Infertility: men's share

Infertility: men's share


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Did you know ? When the child is late announcing, one third of the complications are due to male factors, another third to female factors and the rest is a combination of both or unexplained factors.

Infertility: women not alone involved

  • For centuries, socially and culturally, male infertility was poorly accepted. Inconceivable to think that it was not accompanied by sexual disorders, that the fertility of men was unrelated to their virility! Only their companions consulted. So, it was consensually recognized that the difficulties or even the impossibility to have a child, were their responsibility!
  • The advent of knowledge in procreative medicine has put an end to popular ideas that had a hard tooth! Now, when the child is late announcing, it is admitted that one-third of the complications are due to male factors, another third to female factors and the rest is to a combination of both or to factors that may remain unexplained. Today, technologies in reproductive health care, AMP, are as much interested in the causes of infertility in men as in women to try to provide solutions.

The different physiological causes to male infertility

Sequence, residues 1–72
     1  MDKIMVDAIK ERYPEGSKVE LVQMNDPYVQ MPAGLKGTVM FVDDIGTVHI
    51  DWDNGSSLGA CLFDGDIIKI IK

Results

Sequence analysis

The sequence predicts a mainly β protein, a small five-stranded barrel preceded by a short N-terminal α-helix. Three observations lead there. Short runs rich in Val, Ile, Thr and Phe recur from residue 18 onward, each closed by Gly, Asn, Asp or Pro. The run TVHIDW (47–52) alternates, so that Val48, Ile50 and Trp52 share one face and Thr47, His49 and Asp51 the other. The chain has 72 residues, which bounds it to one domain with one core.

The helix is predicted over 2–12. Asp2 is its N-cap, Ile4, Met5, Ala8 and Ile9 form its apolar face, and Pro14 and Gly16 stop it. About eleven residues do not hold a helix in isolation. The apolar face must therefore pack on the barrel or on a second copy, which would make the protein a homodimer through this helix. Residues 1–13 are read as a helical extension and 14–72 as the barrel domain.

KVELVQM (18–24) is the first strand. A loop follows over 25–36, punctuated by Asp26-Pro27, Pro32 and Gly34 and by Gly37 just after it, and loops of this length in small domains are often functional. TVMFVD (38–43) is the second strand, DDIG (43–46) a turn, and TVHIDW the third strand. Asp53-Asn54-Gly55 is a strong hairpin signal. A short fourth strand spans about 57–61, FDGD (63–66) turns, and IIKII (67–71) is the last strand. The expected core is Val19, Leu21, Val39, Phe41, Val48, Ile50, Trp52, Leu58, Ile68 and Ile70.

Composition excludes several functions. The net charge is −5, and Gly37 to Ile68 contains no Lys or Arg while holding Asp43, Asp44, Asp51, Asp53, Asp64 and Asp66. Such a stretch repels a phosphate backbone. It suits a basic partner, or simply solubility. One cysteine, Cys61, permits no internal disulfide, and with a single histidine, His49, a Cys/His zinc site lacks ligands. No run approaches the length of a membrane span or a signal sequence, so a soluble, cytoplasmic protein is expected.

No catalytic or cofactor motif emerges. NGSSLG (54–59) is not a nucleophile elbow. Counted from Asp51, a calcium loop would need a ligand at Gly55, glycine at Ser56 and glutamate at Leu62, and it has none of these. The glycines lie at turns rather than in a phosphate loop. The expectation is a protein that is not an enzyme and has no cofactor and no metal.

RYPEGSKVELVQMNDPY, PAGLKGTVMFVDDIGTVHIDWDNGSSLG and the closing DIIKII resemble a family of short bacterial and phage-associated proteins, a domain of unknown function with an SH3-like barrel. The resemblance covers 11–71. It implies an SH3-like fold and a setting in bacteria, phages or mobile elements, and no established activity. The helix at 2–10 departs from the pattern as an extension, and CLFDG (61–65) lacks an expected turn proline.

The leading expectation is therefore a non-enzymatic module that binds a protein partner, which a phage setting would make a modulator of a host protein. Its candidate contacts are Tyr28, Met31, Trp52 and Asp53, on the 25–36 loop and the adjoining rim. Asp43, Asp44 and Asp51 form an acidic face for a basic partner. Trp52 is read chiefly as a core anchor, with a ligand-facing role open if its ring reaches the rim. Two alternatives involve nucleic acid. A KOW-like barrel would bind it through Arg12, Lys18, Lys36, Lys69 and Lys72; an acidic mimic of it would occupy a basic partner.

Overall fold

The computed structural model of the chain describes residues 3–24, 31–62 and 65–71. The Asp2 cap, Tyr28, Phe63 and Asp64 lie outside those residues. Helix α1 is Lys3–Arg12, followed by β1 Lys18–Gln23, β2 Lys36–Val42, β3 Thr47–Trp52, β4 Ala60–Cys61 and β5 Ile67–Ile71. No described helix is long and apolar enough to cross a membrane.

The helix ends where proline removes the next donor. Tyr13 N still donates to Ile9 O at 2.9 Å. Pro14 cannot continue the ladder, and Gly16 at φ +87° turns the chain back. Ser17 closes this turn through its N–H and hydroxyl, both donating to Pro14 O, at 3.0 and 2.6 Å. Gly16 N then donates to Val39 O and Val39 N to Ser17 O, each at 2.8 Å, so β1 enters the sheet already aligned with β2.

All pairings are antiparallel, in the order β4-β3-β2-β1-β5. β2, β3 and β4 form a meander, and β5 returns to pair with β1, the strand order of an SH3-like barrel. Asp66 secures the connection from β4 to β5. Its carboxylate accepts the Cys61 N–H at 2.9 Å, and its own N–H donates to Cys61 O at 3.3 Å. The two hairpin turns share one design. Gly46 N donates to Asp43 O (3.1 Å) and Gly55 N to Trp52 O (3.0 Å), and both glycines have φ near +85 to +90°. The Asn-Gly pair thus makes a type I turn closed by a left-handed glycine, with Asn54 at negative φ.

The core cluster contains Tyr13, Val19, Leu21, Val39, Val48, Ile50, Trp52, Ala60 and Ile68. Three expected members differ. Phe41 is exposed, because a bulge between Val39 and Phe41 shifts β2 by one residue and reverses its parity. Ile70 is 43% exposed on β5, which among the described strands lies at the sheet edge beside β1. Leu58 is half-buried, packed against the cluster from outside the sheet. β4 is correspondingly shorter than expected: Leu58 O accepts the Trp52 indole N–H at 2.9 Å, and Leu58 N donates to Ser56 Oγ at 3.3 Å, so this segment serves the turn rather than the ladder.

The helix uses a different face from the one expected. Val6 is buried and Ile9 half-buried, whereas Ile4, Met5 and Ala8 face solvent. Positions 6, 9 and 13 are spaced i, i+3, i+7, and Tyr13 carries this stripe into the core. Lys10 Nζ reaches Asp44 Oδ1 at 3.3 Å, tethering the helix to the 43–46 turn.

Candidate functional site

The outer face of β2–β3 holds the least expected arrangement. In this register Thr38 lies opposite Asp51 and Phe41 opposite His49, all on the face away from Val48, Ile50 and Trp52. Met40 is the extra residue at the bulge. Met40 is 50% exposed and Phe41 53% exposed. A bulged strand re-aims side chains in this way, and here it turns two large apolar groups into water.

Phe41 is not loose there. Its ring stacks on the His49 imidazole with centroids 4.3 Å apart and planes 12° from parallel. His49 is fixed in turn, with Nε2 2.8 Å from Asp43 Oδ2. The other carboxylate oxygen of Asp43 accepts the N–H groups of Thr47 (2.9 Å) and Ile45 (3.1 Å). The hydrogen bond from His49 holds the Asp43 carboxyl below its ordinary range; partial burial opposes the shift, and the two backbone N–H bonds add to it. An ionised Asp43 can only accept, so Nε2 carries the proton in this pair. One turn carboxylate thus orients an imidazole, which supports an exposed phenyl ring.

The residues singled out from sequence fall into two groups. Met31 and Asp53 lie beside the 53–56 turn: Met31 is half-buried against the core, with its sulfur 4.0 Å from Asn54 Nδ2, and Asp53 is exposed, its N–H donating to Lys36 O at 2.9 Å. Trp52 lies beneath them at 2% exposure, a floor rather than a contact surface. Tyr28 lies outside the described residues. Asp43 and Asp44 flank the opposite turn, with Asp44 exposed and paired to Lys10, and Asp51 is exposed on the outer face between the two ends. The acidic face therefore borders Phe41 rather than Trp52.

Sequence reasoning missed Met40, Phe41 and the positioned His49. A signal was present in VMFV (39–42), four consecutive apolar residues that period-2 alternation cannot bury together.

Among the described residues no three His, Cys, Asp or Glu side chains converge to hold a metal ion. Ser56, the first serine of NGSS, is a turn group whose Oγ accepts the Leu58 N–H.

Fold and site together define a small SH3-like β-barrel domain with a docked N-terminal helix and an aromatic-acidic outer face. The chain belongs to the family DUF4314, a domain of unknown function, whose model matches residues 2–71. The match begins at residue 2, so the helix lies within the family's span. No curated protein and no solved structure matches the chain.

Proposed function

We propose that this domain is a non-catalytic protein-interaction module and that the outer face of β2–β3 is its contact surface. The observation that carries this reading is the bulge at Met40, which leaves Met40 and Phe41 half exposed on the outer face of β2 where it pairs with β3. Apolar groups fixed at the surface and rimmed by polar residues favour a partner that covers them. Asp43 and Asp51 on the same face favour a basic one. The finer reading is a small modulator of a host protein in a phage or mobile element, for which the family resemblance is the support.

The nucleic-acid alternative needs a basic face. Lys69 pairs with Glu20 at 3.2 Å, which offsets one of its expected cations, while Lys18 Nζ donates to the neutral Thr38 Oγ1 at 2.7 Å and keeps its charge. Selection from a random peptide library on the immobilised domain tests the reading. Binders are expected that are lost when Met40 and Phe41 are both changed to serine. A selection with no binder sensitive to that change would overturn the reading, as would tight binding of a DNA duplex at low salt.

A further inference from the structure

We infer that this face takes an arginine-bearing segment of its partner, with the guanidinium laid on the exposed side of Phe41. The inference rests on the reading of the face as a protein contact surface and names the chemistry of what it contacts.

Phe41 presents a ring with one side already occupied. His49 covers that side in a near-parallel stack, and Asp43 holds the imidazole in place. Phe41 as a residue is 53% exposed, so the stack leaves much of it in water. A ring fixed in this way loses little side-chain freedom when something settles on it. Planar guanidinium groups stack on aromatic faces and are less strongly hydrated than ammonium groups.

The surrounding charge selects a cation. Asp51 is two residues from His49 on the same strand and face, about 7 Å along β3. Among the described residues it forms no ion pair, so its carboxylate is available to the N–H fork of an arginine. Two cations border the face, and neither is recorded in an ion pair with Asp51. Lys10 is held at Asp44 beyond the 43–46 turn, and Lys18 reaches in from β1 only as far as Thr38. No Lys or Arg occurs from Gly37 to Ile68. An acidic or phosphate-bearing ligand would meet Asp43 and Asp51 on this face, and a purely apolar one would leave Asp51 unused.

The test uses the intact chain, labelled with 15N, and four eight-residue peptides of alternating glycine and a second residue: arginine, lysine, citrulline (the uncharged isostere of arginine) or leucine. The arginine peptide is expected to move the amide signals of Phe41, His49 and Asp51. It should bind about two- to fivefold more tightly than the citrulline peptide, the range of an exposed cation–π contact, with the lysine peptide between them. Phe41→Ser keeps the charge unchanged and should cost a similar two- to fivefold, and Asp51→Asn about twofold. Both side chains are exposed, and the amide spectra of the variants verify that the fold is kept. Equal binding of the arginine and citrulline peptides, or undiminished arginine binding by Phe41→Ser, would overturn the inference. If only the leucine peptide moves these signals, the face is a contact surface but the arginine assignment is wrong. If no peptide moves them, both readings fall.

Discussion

The reasons for difficulty in conceiving a child have several factors in men.

  • In some cases, they are explained by abnormalities of their gametes, the reproductive cells. Malfunctions in the production or behavior of spermatozoa are diagnosed by a medical examination called the spermogram. An insufficient amount - oligospermia -, a total absence - azoospermia -, a lack of mobility, - asthenospermia - or a high number of dead spermatozoa - necrospermia - are likely to affect the reproduction process and lead to infertility or even sterility.
  • Nevertheless, it is possible that it has other origins: mechanical, infectious or genetic. Can be involved a cryptorchidism - no descent of the testicles - a varicocele - dilation of the spermatic veins - sequelae of viral infections such as mumps, a sexually transmitted infection.
  • Exposures to endocrine disruptors, but also the consumption of alcohol and tobacco or the Klinefelter syndrome, a chromosomal anomaly, are sometimes involved. This type of diagnosis is made only after various examinations such as blood tests, ultrasounds or biopsies.
  • However, in about 30% of cases, no specific explanation is found for male infertility.

Frédérique Odasso